johnwm

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Best CAD for non-commercial use that I've found is Onshape Education . They have a great range of training material online and some excellent tutorials. You can construct 3D models and fully animate them. You can also output drawings to DXF for CNC plasma/laser or models to STL for CNC printing/milling.
 

ron4vt

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Dear Gordon,

For many years, I’ve been working with fine mechanics and faced several difficult assemblies that could only be really machined with the aid of a 3D animation software. Small details that aren’t noticed or well managed during the project are promptly highlighted when the new equipment either starts rotating or move its levers back and forth at the computer screen.

So please have in mind that SOLIDWORKS is the easiest, fastest to learn, modelling, sumulation and animation 3D program that has ever appeared for any mechanical design. One can master it in a short period of time and have their mechanical problems once and for all solved!

Please take a look at one of my fine mechanics accomplishment:

Regards, Ron
 

Gordon

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Dear Gordon,

For many years, I’ve been working with fine mechanics and faced several difficult assemblies that could only be really machined with the aid of a 3D animation software. Small details that aren’t noticed or well managed during the project are promptly highlighted when the new equipment either starts rotating or move its levers back and forth at the computer screen.

So please have in mind that SOLIDWORKS is the easiest, fastest to learn, modelling, sumulation and animation 3D program that has ever appeared for any mechanical design. One can master it in a short period of time and have their mechanical problems once and for all solved!

Please take a look at one of my fine mechanics accomplishment:

Regards, Ron
It may be the greatest program ever produced but $4000 is just not even something I would consider. This is a hobby, not a career.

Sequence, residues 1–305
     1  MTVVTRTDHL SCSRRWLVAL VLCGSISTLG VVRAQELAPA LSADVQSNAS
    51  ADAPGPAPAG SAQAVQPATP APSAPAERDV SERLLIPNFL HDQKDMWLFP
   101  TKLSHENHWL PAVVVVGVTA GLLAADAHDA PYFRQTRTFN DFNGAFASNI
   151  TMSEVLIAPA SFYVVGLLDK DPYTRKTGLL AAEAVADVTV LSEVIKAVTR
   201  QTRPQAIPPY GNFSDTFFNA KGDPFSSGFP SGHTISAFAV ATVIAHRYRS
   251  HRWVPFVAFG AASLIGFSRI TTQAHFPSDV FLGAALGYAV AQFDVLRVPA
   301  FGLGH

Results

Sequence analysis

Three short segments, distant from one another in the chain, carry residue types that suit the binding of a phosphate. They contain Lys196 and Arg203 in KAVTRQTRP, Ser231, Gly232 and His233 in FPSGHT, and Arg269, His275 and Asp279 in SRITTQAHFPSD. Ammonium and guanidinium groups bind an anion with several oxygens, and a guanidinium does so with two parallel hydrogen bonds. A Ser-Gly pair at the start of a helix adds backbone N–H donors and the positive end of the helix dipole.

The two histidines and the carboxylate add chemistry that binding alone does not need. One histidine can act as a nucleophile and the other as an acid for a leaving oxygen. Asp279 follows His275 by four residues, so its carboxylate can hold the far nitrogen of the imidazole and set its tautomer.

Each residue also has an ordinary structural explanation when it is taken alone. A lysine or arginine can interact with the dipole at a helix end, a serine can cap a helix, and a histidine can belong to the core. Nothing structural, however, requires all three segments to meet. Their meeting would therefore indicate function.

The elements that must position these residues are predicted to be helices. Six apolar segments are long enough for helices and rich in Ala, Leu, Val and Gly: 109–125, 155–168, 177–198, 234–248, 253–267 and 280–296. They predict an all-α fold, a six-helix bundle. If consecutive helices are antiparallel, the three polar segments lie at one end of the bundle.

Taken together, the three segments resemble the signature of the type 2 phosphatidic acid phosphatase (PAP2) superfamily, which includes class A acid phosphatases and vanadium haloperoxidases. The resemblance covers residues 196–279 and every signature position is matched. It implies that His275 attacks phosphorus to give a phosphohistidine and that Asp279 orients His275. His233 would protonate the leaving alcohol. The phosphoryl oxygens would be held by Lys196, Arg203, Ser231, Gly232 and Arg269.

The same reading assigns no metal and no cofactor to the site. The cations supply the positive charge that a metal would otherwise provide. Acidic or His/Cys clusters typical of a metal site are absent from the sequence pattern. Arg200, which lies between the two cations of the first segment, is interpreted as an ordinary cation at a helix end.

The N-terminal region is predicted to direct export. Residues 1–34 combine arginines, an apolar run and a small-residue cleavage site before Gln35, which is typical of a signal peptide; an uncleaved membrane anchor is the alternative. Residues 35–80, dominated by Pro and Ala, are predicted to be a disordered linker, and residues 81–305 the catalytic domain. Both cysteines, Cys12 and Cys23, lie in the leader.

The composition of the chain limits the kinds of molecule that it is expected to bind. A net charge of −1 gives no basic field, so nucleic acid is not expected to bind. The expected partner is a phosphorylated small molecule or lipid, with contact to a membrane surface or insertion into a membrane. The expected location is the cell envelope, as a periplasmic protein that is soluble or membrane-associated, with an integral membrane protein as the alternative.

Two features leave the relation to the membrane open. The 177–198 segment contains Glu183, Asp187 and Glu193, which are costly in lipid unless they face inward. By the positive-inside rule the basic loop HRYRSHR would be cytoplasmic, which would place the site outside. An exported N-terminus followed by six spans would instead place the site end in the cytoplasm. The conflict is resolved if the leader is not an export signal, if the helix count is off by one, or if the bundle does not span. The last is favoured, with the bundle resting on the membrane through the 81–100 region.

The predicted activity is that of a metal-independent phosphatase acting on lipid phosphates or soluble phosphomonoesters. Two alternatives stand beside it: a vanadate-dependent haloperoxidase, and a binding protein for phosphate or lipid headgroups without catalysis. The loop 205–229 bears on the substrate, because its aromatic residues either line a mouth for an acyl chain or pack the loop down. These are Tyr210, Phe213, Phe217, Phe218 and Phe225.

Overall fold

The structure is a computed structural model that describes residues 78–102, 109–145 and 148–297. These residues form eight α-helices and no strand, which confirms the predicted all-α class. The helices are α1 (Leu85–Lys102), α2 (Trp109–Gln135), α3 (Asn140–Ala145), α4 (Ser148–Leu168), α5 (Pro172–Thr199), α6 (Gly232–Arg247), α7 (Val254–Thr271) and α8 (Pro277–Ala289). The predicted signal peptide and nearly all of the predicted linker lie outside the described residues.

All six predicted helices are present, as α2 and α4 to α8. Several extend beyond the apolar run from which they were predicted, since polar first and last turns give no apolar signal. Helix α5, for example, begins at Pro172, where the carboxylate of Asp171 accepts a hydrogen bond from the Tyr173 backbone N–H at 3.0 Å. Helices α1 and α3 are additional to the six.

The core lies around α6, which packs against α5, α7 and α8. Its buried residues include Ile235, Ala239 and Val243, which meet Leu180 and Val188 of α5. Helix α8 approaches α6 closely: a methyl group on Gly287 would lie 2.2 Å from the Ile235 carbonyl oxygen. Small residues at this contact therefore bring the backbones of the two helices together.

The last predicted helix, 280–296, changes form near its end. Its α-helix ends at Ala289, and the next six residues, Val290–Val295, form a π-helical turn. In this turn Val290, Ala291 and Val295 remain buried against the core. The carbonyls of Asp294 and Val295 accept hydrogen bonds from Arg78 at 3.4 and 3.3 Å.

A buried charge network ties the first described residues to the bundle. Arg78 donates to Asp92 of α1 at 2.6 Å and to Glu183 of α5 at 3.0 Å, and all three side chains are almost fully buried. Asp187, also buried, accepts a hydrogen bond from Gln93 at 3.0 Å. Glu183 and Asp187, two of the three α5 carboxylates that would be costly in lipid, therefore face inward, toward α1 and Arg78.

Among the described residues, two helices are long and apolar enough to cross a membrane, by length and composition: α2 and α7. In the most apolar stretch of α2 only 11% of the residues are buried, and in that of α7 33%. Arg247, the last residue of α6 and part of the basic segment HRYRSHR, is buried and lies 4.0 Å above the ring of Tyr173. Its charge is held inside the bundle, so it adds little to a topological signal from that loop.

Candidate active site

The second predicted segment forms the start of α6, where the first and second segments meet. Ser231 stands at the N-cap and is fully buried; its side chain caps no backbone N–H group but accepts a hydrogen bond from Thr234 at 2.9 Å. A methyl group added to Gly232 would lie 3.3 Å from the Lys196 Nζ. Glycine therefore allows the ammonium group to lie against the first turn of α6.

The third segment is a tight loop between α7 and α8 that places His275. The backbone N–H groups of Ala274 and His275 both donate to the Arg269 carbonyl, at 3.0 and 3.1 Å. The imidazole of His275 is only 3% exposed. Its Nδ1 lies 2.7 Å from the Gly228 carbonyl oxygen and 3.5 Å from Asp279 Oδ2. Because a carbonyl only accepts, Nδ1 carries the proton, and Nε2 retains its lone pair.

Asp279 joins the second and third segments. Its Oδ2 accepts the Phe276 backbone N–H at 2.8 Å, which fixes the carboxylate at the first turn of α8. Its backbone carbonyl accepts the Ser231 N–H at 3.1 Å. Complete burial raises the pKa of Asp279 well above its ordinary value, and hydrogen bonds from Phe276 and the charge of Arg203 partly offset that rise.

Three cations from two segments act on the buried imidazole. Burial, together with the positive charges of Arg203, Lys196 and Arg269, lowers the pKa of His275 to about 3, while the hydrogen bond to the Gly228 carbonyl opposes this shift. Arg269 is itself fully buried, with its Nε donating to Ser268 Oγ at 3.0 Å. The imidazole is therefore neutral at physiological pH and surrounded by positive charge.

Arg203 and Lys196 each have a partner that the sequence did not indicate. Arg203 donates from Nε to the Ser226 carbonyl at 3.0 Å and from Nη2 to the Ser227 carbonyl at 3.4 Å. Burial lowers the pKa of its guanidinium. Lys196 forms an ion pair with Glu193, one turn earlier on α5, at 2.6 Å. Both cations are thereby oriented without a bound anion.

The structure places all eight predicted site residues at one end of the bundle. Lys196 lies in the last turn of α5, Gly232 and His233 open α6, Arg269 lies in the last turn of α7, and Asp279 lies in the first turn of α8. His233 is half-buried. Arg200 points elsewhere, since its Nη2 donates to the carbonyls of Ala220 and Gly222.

ron4vt

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Gordon,
I've heard there is a free version for teenager school purposes. Please take a look and good luck with your hobby !

Ron
 

Gordon

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Gordon,
I've heard there is a free version for teenager school purposes. Please take a look and good luck with your hobby !

Ron
At 78 I am going to have a hard time convincing anyone that I am a teenage student. Fusion 360 looks like a better choice because it is free to hobby users.
 

AzBob

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I have had very good results with IronCad Innovate. Can easily drag and drop basic 3D shapes into the workspace and easily manipulate them using their patented TriBall. Easy to create 2d geometry and extrude to 3D shapes. Has AutoCad DWG and DXF import functions as well. Animation is included in the package. I created this video using IronCad Innovate. Not exactly cheap, but powerful for the price. I paid $900. for the software 4 years ago.

 

editor123

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SolidWorks is $20 per year for U.S. and Canadian veterans. I'm just in the process of renewing my license for a second year.
I use Alibre Design for my magazine work since the SolidWorks license is not for commercial use. They have a $200 version for home use. I think it is easy to learn.